To calibrate an image we have to take dark and flat frames. Dark frames are frames taken with the scope covered so that only contain information noise. As the noise is random it is necessary to take many dark frames and average them to obtain a master dark frame. Dark frame calibration process subtracts from each pixel of the image the value of the same pixel in the master dark master to get only the signal for that pixel. This eliminates from the image (in fact greatly reduces) noise, background brightness and hot pixels.
Flat frames are frames obtained by taking a uniformly illuminated field with the same optics used to obtain the image to be calibrated so that, once dark frame calibrated indicate how each pixel of the sensor reacts to the same signal because the light does not reach evenly to each sensor pixel or because each sensor pixel responds differently to the light. As the flat frames also contain noise it is also necessary to take many flat frames and average them to obtain a master flat frame. The calibration process involves dividing each pixel of the image by the value of the pixel in the normalized master flat frame to get only the corrected signal for that pixel. This eliminates (in fact greatly diminishes) the effect of dust on the sensor, light reflections and gradients.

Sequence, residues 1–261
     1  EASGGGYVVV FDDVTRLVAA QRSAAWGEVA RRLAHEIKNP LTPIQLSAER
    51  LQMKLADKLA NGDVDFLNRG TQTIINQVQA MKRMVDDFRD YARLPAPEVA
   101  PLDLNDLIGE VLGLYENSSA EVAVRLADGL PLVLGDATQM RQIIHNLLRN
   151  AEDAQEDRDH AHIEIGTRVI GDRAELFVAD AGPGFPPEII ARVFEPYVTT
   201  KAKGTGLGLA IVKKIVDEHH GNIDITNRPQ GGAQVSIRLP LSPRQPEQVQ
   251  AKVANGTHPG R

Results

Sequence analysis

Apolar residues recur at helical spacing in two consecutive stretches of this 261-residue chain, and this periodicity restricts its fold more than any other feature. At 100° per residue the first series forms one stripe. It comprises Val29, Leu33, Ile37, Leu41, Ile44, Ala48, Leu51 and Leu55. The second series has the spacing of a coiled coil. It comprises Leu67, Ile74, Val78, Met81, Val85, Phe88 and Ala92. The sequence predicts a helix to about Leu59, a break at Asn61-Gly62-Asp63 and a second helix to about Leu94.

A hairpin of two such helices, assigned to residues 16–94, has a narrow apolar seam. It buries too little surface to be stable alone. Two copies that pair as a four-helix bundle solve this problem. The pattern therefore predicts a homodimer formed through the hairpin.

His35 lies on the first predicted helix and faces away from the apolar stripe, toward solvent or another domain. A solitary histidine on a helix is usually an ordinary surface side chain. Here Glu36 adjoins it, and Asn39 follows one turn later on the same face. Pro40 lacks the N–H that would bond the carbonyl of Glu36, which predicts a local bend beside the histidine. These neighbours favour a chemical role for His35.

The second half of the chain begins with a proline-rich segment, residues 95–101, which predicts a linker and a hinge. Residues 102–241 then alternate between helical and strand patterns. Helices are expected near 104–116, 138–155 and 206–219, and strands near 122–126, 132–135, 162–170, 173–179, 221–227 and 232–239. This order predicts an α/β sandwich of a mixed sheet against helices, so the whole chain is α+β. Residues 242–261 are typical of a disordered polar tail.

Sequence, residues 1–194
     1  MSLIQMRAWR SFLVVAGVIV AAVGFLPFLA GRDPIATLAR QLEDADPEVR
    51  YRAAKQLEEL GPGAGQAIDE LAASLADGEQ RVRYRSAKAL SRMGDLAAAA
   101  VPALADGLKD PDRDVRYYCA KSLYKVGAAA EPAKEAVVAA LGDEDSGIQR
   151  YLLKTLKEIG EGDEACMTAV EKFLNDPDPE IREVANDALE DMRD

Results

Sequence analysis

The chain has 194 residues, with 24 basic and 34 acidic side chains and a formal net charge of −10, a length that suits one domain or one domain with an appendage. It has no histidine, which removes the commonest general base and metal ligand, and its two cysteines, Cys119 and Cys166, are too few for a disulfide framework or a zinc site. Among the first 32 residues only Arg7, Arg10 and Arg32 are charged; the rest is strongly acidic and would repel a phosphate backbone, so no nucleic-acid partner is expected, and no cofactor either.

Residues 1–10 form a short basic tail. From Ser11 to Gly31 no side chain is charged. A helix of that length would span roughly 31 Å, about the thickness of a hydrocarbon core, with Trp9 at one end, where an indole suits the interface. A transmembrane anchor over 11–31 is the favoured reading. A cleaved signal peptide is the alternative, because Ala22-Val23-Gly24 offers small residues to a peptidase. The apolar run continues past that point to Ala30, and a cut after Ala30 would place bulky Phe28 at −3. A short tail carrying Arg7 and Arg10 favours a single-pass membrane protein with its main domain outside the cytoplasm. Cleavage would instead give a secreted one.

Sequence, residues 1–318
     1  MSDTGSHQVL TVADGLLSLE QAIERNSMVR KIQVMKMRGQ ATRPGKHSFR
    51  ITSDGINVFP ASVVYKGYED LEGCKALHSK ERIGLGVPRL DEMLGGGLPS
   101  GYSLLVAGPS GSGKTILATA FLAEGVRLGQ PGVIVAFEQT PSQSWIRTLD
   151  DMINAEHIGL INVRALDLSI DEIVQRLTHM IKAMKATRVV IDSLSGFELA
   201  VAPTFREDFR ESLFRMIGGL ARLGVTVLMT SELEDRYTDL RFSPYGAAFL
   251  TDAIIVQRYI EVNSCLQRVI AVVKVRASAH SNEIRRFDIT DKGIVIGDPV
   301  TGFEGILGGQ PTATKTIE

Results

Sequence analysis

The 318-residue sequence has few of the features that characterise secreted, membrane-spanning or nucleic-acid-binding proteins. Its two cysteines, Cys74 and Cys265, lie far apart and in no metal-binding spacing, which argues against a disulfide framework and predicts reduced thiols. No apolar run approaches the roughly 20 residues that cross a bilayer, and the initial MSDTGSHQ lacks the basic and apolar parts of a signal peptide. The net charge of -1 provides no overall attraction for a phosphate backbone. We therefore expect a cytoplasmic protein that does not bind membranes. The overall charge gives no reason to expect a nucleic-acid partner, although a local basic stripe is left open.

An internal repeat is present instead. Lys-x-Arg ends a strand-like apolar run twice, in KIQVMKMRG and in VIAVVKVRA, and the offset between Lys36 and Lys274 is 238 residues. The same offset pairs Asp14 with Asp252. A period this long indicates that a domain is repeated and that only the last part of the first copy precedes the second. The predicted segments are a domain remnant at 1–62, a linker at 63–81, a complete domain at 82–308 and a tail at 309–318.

Software generally make these processes transparent to the user, you should only worry about how to obtain flat frames.